The thing about September that makes finishing a book hard — one reason why my original deadline was September 1, to be honest — is that there are so many storylines in play that you can write all week and not get to all of them. In just the last six days I've written a Sports Illustrated piece on Carlos Gonzalez, an SI.com piece about home-field advantage, a book blog entry about the Yankees/Rays series and newsletters about key games in the NL West race, the Twins' second-half surge, similarities among some AL teams, a wrap of Tuesday night's games, and, if you can believe it, Wilson Betemit. I'm working on an AL Cy Young piece for tomorrow, while also plowing through copy on Bud Selig for the book.
I know this sounds funny coming from the guy who just wrote about the struggles of dealing with volume, and I won't pretend it's like this for everyone, but sometimes I can get into a rhythm and everything just comes easily. This week has been like that. It's a great feeling, especially on the heels of the recent struggles. I am well aware that one reason I write is because I want to be liked, and I need that approval, that e-mail, that comment, that Retweet. When I'm cranking out the bylines, I get that. Make no mistake about it: I'm addicted to that rush, that ego boost.
One thing I haven't written up and will do here is the weirdness in the NL Central. The Cardinals won last night to cut the Reds' lead to seven games, which isn't insurmountable but will be a big hill to climb. The Cards beat the Padres, which isn't unusual for them at all. The Cardinals have had the strangest run over the last two months that I can ever remember seeing. Cleave the NL into the teams chasing postseason berths — seven teams — and the ones playing out the string, the other nine. Since the All-Star break, the Cards are 13-5 against the first group and 15-24 against the other. The Cardinals haven't won a series against one of the NL's non-contenders since just before the break, when they took two of three at Houston. In that same time, they've owned the few good teams that they've played, including a 5-1 mark against the Reds, which is the only thing keeping them close in the division.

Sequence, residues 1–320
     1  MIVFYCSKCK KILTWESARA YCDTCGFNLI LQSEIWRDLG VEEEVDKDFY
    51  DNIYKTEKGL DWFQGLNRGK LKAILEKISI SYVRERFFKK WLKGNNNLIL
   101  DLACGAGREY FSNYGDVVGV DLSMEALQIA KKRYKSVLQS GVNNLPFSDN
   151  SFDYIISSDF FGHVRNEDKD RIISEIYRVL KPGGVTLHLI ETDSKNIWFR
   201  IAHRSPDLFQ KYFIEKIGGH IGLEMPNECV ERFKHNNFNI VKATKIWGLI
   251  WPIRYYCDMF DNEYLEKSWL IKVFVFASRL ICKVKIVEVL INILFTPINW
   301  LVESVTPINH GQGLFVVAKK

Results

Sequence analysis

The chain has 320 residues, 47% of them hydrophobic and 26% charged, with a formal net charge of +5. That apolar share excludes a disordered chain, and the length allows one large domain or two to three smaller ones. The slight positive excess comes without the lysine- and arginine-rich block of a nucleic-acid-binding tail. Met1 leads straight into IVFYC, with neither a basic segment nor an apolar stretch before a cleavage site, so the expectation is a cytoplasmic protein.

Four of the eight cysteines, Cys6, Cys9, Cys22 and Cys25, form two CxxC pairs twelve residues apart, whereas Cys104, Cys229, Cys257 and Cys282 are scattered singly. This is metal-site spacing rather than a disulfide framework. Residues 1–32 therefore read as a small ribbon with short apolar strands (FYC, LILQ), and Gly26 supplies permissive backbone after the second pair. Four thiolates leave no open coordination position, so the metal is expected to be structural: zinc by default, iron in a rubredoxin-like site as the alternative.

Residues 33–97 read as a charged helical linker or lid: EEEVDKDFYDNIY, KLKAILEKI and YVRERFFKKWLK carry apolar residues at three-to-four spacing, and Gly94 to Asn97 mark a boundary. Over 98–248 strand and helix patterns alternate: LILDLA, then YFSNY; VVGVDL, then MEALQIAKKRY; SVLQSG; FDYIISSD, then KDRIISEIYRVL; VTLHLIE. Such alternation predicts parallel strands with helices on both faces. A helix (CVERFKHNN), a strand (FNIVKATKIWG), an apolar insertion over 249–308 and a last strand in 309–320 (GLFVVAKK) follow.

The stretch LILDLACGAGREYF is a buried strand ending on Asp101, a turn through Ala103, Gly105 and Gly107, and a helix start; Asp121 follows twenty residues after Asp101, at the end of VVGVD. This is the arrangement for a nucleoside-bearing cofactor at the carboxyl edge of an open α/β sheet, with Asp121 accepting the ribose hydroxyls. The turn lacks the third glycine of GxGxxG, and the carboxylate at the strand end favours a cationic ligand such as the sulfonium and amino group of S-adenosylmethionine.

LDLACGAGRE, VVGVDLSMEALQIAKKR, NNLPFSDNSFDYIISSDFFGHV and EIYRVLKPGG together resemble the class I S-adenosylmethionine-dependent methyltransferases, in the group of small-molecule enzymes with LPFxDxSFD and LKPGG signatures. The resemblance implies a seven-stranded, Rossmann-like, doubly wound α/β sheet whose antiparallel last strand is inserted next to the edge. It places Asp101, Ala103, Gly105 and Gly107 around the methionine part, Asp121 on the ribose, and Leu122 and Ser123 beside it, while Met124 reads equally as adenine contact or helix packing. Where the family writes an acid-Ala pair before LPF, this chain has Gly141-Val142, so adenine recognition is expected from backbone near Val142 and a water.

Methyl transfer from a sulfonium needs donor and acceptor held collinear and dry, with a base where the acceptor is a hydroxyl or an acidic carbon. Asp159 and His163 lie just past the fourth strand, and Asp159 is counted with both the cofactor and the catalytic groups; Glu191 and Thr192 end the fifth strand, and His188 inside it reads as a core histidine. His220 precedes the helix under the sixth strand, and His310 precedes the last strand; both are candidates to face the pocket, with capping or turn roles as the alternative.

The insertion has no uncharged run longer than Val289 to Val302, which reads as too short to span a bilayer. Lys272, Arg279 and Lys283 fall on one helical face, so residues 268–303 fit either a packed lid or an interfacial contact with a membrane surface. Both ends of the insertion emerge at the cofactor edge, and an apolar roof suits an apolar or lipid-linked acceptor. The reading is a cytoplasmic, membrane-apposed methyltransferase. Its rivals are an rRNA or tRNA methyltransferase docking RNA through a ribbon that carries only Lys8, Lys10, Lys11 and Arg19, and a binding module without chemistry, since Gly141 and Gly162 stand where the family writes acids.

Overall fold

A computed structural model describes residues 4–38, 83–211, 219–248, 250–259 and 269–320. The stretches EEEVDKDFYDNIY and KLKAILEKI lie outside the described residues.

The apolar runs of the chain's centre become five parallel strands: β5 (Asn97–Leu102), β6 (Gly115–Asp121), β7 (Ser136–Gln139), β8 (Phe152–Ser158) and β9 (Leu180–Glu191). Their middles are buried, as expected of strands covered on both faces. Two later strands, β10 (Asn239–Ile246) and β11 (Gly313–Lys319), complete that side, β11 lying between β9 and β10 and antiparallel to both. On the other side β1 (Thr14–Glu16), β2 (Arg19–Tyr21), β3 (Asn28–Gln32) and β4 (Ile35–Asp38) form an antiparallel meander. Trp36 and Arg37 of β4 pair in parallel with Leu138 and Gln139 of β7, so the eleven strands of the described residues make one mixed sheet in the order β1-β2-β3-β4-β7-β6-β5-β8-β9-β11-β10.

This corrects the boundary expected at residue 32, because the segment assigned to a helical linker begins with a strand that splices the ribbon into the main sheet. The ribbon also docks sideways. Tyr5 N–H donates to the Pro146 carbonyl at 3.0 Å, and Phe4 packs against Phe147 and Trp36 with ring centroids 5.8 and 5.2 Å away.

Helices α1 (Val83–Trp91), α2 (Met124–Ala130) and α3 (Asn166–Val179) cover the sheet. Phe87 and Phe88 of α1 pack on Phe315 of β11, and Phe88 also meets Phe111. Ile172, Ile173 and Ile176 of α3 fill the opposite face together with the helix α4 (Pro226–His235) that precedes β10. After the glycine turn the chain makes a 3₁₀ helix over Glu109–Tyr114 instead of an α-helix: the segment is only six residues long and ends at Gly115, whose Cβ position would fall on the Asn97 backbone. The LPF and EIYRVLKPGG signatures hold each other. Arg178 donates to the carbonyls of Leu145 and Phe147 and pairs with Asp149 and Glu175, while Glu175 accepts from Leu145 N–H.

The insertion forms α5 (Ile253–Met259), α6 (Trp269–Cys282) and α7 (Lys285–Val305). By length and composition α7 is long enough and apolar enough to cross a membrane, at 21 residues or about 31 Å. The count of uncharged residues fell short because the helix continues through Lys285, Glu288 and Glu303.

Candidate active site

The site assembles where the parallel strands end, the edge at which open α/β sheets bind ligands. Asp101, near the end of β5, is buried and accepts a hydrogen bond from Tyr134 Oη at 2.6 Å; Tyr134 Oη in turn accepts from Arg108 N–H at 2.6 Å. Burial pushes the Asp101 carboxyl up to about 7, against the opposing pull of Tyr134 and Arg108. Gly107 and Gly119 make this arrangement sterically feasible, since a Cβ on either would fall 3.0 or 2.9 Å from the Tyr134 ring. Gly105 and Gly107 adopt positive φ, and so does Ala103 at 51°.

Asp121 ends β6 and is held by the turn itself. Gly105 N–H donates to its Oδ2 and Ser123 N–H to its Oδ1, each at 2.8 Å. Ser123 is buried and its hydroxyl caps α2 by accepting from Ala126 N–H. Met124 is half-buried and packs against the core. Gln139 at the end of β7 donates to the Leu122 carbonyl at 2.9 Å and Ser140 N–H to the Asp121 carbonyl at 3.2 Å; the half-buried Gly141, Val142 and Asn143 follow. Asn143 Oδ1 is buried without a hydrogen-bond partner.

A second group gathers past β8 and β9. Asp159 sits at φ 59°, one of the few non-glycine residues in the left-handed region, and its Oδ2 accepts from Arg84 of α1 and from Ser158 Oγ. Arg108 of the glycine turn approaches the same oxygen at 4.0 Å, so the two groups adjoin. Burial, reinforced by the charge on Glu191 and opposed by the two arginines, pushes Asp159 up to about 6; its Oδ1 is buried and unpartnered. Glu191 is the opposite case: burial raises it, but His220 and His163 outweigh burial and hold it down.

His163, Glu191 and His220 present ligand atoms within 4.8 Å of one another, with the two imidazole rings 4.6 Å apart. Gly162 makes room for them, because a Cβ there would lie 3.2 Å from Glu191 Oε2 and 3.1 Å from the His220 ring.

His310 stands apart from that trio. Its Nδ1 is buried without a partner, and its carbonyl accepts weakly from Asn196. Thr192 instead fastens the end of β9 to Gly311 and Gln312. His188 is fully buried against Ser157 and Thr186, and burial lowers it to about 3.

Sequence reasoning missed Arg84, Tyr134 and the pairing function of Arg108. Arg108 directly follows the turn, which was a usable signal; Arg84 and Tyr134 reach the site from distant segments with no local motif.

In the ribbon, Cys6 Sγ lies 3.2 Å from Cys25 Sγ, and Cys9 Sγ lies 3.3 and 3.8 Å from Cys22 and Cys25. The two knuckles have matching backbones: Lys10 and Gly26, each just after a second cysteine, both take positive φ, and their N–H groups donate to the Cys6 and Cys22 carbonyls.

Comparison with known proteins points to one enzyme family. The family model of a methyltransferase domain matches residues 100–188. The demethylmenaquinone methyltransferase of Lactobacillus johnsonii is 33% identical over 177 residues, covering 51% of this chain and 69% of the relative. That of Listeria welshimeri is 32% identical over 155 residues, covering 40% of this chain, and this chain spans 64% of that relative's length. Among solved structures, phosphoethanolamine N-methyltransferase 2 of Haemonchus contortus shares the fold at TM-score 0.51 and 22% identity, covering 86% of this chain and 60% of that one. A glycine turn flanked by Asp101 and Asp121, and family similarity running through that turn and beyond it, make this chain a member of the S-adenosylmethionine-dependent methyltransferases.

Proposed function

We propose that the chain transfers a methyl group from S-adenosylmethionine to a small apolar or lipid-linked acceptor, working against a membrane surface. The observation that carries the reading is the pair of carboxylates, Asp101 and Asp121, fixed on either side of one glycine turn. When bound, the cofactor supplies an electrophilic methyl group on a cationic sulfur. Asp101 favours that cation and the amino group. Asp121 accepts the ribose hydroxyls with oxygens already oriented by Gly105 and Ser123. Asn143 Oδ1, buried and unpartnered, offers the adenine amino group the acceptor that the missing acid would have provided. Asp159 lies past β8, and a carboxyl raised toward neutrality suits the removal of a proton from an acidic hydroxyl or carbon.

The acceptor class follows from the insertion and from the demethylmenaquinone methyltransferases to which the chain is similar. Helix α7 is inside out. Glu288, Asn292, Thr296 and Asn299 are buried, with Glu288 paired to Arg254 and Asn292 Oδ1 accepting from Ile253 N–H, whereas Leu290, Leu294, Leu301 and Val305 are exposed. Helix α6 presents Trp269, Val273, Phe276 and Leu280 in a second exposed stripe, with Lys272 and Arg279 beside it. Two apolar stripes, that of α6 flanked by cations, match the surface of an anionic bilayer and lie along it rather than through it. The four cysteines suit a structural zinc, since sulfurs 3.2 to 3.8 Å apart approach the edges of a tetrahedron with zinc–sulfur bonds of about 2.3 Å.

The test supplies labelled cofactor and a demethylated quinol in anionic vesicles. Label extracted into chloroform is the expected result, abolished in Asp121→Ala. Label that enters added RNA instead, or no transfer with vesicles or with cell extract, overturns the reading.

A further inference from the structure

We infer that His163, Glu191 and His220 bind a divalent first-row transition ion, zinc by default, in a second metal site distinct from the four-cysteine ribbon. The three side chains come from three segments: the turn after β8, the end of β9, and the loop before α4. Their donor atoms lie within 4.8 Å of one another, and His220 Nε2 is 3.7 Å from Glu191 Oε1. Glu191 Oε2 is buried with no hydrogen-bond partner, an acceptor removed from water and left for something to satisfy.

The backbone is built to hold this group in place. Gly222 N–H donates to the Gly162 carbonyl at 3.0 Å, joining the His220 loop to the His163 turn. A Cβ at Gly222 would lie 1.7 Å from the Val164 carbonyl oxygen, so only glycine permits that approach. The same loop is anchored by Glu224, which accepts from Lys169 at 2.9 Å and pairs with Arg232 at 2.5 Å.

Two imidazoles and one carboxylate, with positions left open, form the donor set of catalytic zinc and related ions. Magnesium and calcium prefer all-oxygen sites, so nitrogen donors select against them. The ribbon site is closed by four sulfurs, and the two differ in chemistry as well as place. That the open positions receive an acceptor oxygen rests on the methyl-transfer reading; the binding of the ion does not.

Do that same calculus for the entire season, and you find that the Cardinals are 26-20 against the six best teams on their schedule, the ones stil in some kin of contention: the Braves, Reds, Rockies, Phillies, Padres and Giants. (As an aside, that seems like a very low number of "good teams" for any team to have played.) Against what you might call the middle ground, the Jays, A's, Angels, Marlins, Mets and Dodgers, all around .500, the Cardinals are 15-11. Against everyone else, which includes heaping doses of a lousy NL Central, the Cards are 34-39. The Cardinals are 9-18 against the Cubs and Astros, which doesn't seem possible.
The Reds, on the other hand, are in first place the way that Virginia Tech tries to get to the NCAAs each year: by winning a lot of games against unimpressive competition. Against the contenders on its schedule, the Reds are 16-31. The Reds have lost the season series to all six of the teams still in races that they have played. Against the middle of the pack, the teams around .500, the Reds are 17-8. Against the dregs of the league? 50-24.
The Cardinals have played .565 ball against playoff-caliber teams, but sub.-500 against bad teams. The Reds have lost nearly two of every three games against playoff-caliber competition, while crushing everyone else to the tune of 67-32.
All the games count. I'm not passing judgment on the Reds. You win more games than all the other guys, they call you division champs and send you to the tournament. If we're trying to objectively determine which team is better, though, should we take into consideration that one of these teams has held its own against good competition, while the other one has gotten crushed? Does parsing a season into these categories add information that looking just at record, or runs scored and allowed, or third-order record, doesn't? Is it at least possible that a team whose overall performance is seven games worse overall has a claim to some kind of superiority because it's dramatically better in games against postseason-caliber competition?
Tonight, I have questions but no answers. I'm fascinated by the contrast, though, and I'm certain it's factoring into my overall opinion of the Reds. I can't help but think that their stay in October may be short, because they have shown absolutely no ability — none, not over even one team — to beat playoff-caliber competition.